More often than not we see that web sites do not do this properly. Quite often an information has to be entered and it is not normalized prior to further processing. So credit card numbers or IBAN numbers are rejected because of spaces or anything because of trailing spaces, of course with an error message that does not give us a hint about what was the problem.

For serious application there needs to be a serious processing step for data coming from outside anyway, for security reasons. Even though SQL injection should not work due to sound SQL-placeholder usage, it is a good practice to check the data anyway and reject it early and with a meaningful message. Should I trust the security of a site that cannot deal with spaces in a credit card number for giving them my card number? I am not sure.

It is about time that UI developers get into the habit of doing the proper processing, normalization and checks for user input. Beware that any security relevant checks need to be done on the server or on the server as well.

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2018 — Happy New Year

Godt nytår — Gott nytt år — Щасливого нового року — Un an nou fericit — Feliĉan novan jaron — Feliz año nuevo — Καλή Χρονια — Godt nytt år — Bonne année — Akemashite omedetô — Onnellista uutta vuotta — Felice anno nuovo — laimīgu jauno gadu — Bon any nou — Ath bhliain faoi mhaise — Gullukkig niuw jaar — Happy new year — Срећна нова година — bun di bun an — عام سعيد — С новым годом — Frohes neues Jahr — Felix sit annus novus

This was created with a Lua-program:

#!/usr/bin/lua
tab = { "Frohes neues Jahr", "Happy new year", "Gott nytt år", "Feliz año nuevo",
        "Bonne année", "Felix sit annus novus", "С новым годом", "عام سعيد",
        "Felice anno nuovo", "Godt nytt år", "Gullukkig niuw jaar", 
        "Feliĉan novan jaron", "Onnellista uutta vuotta", "Godt nytår",
        "Akemashite omedetô", "Ath bhliain faoi mhaise", "Bon any nou", 
        "Срећна нова година", "laimīgu jauno gadu", "Un an nou fericit",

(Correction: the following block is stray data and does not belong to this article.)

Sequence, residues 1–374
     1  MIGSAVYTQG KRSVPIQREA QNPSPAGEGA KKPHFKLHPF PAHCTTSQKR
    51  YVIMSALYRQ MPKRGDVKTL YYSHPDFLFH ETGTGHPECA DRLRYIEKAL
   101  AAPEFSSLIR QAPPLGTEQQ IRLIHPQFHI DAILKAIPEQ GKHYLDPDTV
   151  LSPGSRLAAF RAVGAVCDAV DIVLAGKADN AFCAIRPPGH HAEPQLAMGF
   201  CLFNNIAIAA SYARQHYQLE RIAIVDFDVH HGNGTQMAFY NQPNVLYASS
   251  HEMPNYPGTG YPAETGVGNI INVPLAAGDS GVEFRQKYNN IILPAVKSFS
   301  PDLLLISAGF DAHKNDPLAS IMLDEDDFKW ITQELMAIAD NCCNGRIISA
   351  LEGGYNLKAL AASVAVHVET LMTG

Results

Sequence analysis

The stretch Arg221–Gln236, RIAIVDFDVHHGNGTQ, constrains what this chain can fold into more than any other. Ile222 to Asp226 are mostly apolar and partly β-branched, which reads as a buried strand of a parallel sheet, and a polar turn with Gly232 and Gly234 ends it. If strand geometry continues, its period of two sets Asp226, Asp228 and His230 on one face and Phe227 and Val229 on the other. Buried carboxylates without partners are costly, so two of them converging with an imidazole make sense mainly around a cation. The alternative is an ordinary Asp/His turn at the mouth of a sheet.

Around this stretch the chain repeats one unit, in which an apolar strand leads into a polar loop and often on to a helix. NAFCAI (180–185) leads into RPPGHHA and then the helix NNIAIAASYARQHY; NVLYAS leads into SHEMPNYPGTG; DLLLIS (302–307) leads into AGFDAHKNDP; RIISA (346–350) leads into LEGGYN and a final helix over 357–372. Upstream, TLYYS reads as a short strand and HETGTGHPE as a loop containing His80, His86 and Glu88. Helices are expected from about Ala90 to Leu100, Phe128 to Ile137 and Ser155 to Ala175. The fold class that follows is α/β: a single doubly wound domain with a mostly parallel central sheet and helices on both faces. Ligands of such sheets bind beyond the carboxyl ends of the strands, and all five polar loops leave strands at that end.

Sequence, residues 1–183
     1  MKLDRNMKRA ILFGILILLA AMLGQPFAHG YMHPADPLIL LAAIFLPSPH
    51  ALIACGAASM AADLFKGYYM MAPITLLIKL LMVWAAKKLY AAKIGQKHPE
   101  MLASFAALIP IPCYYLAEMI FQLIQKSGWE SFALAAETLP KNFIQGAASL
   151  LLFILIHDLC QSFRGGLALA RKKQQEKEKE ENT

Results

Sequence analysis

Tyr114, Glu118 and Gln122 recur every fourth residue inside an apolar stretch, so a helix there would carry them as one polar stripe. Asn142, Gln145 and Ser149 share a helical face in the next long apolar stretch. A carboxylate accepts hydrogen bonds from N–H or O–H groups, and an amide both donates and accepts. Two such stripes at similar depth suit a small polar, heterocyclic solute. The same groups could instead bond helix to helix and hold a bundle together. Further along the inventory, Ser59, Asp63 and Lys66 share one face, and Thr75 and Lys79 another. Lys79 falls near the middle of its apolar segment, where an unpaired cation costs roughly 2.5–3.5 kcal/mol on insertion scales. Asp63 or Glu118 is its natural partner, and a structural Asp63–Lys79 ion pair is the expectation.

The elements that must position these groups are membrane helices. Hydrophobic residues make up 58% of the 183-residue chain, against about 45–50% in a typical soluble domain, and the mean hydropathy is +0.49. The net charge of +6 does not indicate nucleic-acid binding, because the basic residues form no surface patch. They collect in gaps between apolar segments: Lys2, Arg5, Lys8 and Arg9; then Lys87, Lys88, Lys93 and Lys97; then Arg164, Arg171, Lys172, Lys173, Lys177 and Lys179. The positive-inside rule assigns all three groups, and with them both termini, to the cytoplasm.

"bun di bun an", "Щасливого нового року", "Καλή Χρονια" }
local rand = math.randomseed( os.time() )
shuffled = {}
for i=1, #tab do
    table.insert(shuffled, math.random(#shuffled+1), tab[i])
end
for i,line in ipairs(shuffled) do
    if (i > 1) then
      io.write(" — ")
    end
    io.write(line)
end

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Christmas — Weihnachten — Рождество 2017

Bon nadal! — Priecîgus Ziemassvçtkus — З Рiздвом Христовим — Buon Natale — Bella Festas daz Nadal! — С Рождеством — Срећан Божић — καλά Χριστούγεννα — God Jul! — Feliĉan Kristnaskon — ميلاد مجيد — Feliz Navidad — Glædelig Jul — Fröhliche Weihnachten — Joyeux Noël — Hyvää Joulua! — クリスマスおめでとう ; メリークリスマス — Merry Christmas — Natale hilare — God Jul — Crăciun fericit — Prettige Kerstdagen — Nollaig Shona Dhuit!

xmas tree

Christmas Tree in Olten 2017

This message has been generated by a program again, this time I decided to use Scala:

import scala.util.Random
object XmasGreeting {
  val texts : List[String] = List( "Fröhliche Weihnachten",
    "Merry Christmas", "God Jul", "Feliz Navidad", "Joyeux Noël",
    "Natale hilare", "С Рождеством", "ميلاد مجيد", "Buon Natale", "God Jul!",
    "Prettige Kerstdagen", "Feliĉan Kristnaskon", "Hyvää Joulua!",
    "Glædelig Jul", "クリスマスおめでとう ; メリークリスマス",
    "Nollaig Shona Dhuit!", "Bon nadal!", "Срећан Божић",
    "Priecîgus Ziemassvçtkus", "Crăciun fericit", "Bella Festas daz Nadal!",
    "З Рiздвом Христовим", "καλά Χριστούγεννα")
  val shuffledTexts : List[String] = Random.shuffle(texts)
  def main(args: Array[String]) : Unit = {
    println(shuffledTexts.mkString(" — "))
  }
}

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Scala Exchange 2017

I have visited Scala Exchange („#ScalaX“) in London on 2017-12-14 and 2017-12-15. It was great, better than 2015 in my opinion. In 2016 I missed Scala Exchange in favor of Clojure Exchange.

This time there were really many talks about category theory and of course its application to Scala. Spark, Big Data and Slick were less heavily covered this time. Lightbend (former Typesafe), the company behind Scala, did show some presence, but less than in other years. But 800 attendees are a number by itself and some talks about category theory were really great.

While I have always had a hard time accepting why we need this „Über-Mathematics“ like category theory for such a finite task as programming, I start seeing its point and usefulness. While functors and categories provide a meta layer that is actually accessible in Scala there are actually quite rich theories that can even be useful when constrained to a less infinite universe. This helps understanding things in Java. I will leave details to another post. Or forget about it until we have the next Scala conference.

So the talks that I visited were:

  • Keynote: The Maths Behind Types [Bartosz Milewski]